The book has a francophone vibe as Fotheringham opens with his experience of racing in Brittany, Hinault’s home region. It continues with numerous French phrases, there’s coup de gueule here or ravitaillement there. The quip about Neige-Bastogne-Neige might have some wondering what happened to this one day race in case you didn’t know that neige is French for snow and a rhyming play on Hinault’s 1980 Liège-Bastogne-Liège win in the snow. The French phrases are not used in an arty or snooty sense but some readers might find themselves needing to note them down or search for translations online while reading.
The 1986 Tour de France battle between Hinault and his team mate Greg LeMond is recounted, familiar ground if you’ve read Richard Moore’s “Slaying the Badger” but essential for a Hinault biography; ideally you’d read Fotheringham first and then delve into Slaying the Badger for the full story. The book does a good job of retelling many Hinault legends such as Hinault ordering a bottle of wine with a pre-prologue meal, famous but this book puts it in context. But this isn’t “Hinault the wild life”, he was an incredible character on the bike but remarkably straight off it, he’d even strop on training rides to speak to farmers about their work. Even as a rider he shunned celebrity he was famous for winning but never famous for being famous and the book tells the tale of media annoyance because he wouldn’t play their game.
The book ends by exploring why there’s no successor to Hinault. It’s comparable to the search for the new Merckx in Belgium and both the French and Belgians are still waiting decades on. Fotheringham looks at the structural issues in France but it’s hard to pin down. As Guimard once quipped, “c’est génétique” in that all the structures and systems can’t produce someone with the physique and mentality of a champion. But there have been other factors, Fotheringham looks at the “two speed cycling era” where French teams largely rode clean while their rivals did not, a general hypothesis that stands up, albeit with some big exceptions too. One big reason for this is the French could afford to ride clean because no matter how dire their results a wildcard invitation to the Tour would appear and the entire annual budget would be justifiable marketing spend for a sponsor. This chapter is probably worth another book… or a hundred blog posts.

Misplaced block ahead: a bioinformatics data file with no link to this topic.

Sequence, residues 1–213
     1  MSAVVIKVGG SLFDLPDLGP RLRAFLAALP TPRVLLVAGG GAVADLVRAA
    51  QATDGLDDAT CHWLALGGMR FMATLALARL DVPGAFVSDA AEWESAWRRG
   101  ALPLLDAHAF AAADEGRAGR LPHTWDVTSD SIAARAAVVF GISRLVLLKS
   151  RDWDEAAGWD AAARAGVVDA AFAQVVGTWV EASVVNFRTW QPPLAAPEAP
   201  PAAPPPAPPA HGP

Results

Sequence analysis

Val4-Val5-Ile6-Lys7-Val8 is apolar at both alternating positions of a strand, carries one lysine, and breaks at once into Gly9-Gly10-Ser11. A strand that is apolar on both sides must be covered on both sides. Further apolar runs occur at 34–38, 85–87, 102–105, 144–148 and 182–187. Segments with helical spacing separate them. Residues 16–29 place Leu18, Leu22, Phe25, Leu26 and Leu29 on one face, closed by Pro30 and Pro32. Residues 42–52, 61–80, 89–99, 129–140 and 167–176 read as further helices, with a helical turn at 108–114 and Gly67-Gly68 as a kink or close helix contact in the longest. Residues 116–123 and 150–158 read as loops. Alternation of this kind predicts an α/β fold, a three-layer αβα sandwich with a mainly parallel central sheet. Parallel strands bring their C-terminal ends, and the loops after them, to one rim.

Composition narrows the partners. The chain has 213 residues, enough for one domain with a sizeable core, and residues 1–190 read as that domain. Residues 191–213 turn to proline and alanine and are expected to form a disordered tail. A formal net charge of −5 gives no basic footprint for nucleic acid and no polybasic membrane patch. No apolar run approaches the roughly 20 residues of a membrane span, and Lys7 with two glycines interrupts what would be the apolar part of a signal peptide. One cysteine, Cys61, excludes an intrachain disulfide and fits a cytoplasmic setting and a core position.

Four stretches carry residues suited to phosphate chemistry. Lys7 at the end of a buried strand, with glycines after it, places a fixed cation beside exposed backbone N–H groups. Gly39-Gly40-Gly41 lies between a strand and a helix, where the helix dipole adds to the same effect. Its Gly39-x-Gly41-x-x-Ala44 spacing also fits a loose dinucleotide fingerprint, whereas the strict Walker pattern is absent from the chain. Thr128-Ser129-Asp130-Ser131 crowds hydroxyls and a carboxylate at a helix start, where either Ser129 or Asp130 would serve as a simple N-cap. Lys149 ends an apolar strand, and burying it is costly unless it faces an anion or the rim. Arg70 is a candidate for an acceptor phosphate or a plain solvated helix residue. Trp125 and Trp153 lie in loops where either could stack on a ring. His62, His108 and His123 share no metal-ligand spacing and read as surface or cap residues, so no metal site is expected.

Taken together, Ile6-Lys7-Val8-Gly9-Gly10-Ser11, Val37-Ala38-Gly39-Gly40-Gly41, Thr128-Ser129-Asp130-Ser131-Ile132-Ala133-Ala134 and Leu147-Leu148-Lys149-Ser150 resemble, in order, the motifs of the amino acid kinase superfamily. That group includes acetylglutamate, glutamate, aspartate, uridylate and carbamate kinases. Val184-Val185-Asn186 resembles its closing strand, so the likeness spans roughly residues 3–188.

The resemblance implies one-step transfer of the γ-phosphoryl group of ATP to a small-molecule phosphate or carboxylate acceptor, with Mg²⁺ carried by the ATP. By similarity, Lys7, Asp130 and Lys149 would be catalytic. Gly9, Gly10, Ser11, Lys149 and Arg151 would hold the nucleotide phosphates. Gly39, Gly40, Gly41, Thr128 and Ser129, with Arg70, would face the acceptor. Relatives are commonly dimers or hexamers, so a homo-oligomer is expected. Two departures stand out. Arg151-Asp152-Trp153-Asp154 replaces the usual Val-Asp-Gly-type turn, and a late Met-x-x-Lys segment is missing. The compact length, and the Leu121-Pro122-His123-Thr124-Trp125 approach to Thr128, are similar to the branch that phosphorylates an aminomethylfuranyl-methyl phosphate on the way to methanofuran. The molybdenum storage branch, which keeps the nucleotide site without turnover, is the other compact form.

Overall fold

Want to know more about one of the greats? Here’s the comprehensive version of events to read in English although you might look up a few francophone terms. It’s well-researched with accounts from the times accompanied by recollections today. There are some amusing tales but this isn’t the tale of a playboy or even a showman, he raced like Rambo but retired as a dairy farmer
It’s probably best read one chapter at a time, try it on, say, a long-haul flight and the relentless tales of Hinault winning melt into one, as do the tales of his rivals who often sounded like survivors of a natural disaster, as if they’d been ravaged by Hurricane Bernard. But there’s more, Hinault’s style of racing is fascinating, especially the way he’d attack climbers in the valleys or outsprint the sprinters. He’d break his rivals physically and mentally. Thanks to Guimard he often had a technological advantage too.
It’s also a good tour of where French cycling is today. L’Equipe might go wild in July with front covers celebrating Frenchmen who finish third or seventh but watch the podium ceremony. That 60 year old pulling zippers? Now that’s what you call a champion.
This book was sent free for review. It is out now in the UK and Europe and a US version called “The Badger: The Life of Bernard Hinault and the Legacy of French Cycling” looks set to appear in September but US readers will find the current edition for sale online too. For more book reviews see inrng.com/books